International Management in China: Cross-Cultural Issues

International Management in China: Cross-Cultural Issues

International Management in China: Cross-Cultural Issues

International Management in China: Cross-Cultural Issues

Synopsis

Focusing on China, this study sheds light on how to manage business operations across cultural boundaries. It considers key management issues, such as: partnership through joint ventures; human resources; communication; co-operation and negotiation; trustworthiness: and the importance of being well-prepared.

Excerpt

One of the greatest challenges to international business today is how to manage business operations across cultural boundaries. That is especially true in the case of the People's Republic of China, which has attracted a surge of foreign investments and international trade from a multitude of countries. This book represents a unique and significant research-based response to the challenge of successfully carrying out cross-cultural management in China.

The background of this book is the world's first international academic conference on Cross-Cultural Management in China (CCMC) held in Hong Kong in August 1996. This event brought together more than 100 academics and practitioners from more than fifteen countries worldwide to share and discuss research and experience within this field. As the editor of this book initiated and organized this conference, it became an important basis for developing this contributed volume.

I would like to extend my gratitude to a number of people and organizations that contributed to this book. First of all, I would like to thank the joint organizers of CCMC, the David C. Lam Institute for East-West Studies, the School of Business, and the Wing-Lung Bank International Institute for Business Development for their unfailing support and continuous encouragement. Many thanks also to all academic colleagues as well as administrative staff and student volunteers whose hard work made CCMC into a resounding success. In particular, I would like to thank Malcolm Warner and Vivienne Luk who both, in their own way, played important roles. I must also mention Stella Chow, Cindy Leung and Karen Yeung for their excellent clerical support. Hon Lam helped me to produce a consistent and well-organized manuscript.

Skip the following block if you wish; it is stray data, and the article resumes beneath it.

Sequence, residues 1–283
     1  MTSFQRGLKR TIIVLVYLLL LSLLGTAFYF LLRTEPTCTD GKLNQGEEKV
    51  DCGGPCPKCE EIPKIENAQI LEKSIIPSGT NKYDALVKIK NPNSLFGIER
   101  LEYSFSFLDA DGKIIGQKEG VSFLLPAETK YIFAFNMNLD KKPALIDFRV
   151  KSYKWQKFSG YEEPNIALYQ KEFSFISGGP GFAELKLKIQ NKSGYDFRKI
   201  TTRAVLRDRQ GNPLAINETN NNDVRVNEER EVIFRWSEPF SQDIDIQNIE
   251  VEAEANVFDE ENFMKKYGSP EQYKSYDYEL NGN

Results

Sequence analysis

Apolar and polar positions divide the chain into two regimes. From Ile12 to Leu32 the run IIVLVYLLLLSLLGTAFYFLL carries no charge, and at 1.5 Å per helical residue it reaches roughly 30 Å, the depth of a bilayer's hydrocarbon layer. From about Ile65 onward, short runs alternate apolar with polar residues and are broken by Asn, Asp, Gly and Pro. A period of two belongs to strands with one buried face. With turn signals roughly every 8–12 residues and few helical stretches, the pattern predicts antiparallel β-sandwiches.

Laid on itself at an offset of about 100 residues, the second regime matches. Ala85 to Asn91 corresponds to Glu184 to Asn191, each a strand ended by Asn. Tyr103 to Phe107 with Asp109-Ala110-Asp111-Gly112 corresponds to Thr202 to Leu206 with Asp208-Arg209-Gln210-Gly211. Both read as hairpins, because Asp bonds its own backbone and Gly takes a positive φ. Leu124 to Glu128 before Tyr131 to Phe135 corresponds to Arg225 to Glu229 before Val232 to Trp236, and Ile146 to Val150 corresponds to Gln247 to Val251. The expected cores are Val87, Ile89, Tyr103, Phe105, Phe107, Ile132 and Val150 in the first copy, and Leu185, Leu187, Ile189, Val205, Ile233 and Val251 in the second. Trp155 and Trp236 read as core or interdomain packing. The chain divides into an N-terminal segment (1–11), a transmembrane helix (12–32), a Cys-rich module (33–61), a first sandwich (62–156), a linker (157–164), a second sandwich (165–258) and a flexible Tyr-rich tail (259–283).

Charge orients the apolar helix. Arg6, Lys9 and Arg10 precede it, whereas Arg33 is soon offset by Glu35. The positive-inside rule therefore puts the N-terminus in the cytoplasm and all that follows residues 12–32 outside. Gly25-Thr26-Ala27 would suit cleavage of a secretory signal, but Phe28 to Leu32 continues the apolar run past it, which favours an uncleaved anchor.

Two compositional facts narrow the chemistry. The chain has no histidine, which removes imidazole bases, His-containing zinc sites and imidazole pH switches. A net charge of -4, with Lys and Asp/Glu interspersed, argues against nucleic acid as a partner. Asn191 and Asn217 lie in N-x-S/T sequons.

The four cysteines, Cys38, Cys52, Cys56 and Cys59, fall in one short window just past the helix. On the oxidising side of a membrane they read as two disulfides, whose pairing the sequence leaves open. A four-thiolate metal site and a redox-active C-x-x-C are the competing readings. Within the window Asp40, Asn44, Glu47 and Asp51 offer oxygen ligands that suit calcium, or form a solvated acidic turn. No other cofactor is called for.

I extend my special thanks to all participating authors in this book for their commitment and unfailing patience during a long editorial process. Although this is far from the first edited volume I have participated in as an editor or a contributing author, there is always that moment of despair when one tells oneself that this is it, this is going to be the last edited volume I do. Fortu-nately, such fleeting moments pass quickly and are soon forgotten, at least by me, and before long there is another edited volume in the works. In developing this book, however, problems and difficulties were easily overcome and I

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